In a startling new documentary called Picture Me, model Sara Ziff and her former boyfriend co-director Ole Schell, expose the seedy recesses in the world of high fashion modeling; including those who turn a blind eye to it.
In an interview published on Guardian.co.uk; Ziff, who began her career in modeling at the age of 14, recounts an early experience with a photographer who purported to be having trouble “picturing” what she would look like for the story he was shooting. Perversely, he coaxes the 14 year old girl out of first her shirt, and then her pants, leaving Ziff only in her “Mickey Mouse knickers and a sports bra”. She continues the story by adding; “ ‘We might need to see you without your bra,’ he told me. It was like he was a shark circling me, walking around and around, looking me up and down without saying anything. I did what he told me to. I was just eager to be liked and get the job. I didn’t know any better."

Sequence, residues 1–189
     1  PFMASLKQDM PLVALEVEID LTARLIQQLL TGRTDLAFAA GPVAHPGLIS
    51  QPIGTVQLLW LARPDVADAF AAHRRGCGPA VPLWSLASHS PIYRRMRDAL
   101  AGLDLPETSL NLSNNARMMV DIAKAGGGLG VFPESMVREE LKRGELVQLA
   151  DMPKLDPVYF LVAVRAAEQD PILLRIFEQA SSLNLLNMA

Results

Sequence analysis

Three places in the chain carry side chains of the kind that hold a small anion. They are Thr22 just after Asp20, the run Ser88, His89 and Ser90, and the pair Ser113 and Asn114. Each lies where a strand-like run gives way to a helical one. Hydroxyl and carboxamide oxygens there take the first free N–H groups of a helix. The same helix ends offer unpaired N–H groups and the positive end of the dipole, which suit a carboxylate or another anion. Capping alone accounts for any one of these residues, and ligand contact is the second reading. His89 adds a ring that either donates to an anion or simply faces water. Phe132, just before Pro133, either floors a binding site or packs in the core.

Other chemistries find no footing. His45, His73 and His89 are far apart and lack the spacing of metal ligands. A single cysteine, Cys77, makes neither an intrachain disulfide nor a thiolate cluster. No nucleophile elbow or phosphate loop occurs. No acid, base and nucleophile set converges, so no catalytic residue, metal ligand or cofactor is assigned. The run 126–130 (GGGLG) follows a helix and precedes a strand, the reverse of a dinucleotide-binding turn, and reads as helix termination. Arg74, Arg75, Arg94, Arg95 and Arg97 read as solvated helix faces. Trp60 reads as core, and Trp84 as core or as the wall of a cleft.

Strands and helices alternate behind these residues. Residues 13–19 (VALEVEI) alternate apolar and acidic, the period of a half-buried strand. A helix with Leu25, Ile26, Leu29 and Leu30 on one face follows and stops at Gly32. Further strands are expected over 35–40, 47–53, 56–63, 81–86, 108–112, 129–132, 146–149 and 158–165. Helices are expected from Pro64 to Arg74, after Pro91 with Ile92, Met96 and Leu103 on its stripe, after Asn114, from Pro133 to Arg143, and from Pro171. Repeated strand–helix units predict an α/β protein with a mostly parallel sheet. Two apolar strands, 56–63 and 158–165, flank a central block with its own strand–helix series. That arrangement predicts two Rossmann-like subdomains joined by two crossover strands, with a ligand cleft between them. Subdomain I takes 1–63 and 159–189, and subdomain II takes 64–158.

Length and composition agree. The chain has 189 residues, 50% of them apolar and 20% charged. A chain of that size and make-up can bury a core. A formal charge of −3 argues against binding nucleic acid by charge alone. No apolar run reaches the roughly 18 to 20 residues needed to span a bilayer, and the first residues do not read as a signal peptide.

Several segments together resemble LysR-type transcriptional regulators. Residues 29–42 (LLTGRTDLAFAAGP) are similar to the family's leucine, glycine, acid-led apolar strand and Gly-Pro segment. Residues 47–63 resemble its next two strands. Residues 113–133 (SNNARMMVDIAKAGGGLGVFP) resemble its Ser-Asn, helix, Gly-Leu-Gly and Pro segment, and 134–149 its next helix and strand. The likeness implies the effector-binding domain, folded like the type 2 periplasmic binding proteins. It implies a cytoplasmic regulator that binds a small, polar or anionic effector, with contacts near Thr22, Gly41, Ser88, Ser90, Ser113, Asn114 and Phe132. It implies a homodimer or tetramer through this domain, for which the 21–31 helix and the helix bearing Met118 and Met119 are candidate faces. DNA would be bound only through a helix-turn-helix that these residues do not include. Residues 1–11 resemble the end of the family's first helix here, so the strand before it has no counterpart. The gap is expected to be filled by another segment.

Sara’s first intentions in starting her video diary was not to expose the industry that was paying her hundreds of thousands of dollars. Early scenes from hundreds of hours of footage over five years, depict the lighter side of the business; but steadily, those images changed. Ziff began passing out cameras to other model friends and encouraged them to tell their stories as well.
What emerged, were tales of the exploitation of young girls, sexual assault and a clear disregard for the well being of these objectified young women. “What’s shocking, listening to Ziff, is how prevalent, and how far up the fashion food chain, sexual exploitation goes. ‘Vulnerable girls are being put into a potentially predatory environment,’ says Ziff. What’s in the agency’s interest is not always best for the girl, and if she’s in a compromising situation, she doesn’t necessarily have anyone to turn to."
To protect themselves and other models, Ziff and a small contingent of her modeling peers are working together to speak out. Some of the models are working toward forming a union; campaigning for “better working conditions, holiday and sickness pay, protection in case of injury”.
What I have included in this post is only the tip of the iceberg with this story. I highly recommend that you read the article from the guardian. There are many stories that I did not include in this review that I think you will find arresting; especially if you have either considered becoming a model or allowing your daughter to join the profession.
I’m anxious to hear your thoughts, so please leave a comment.
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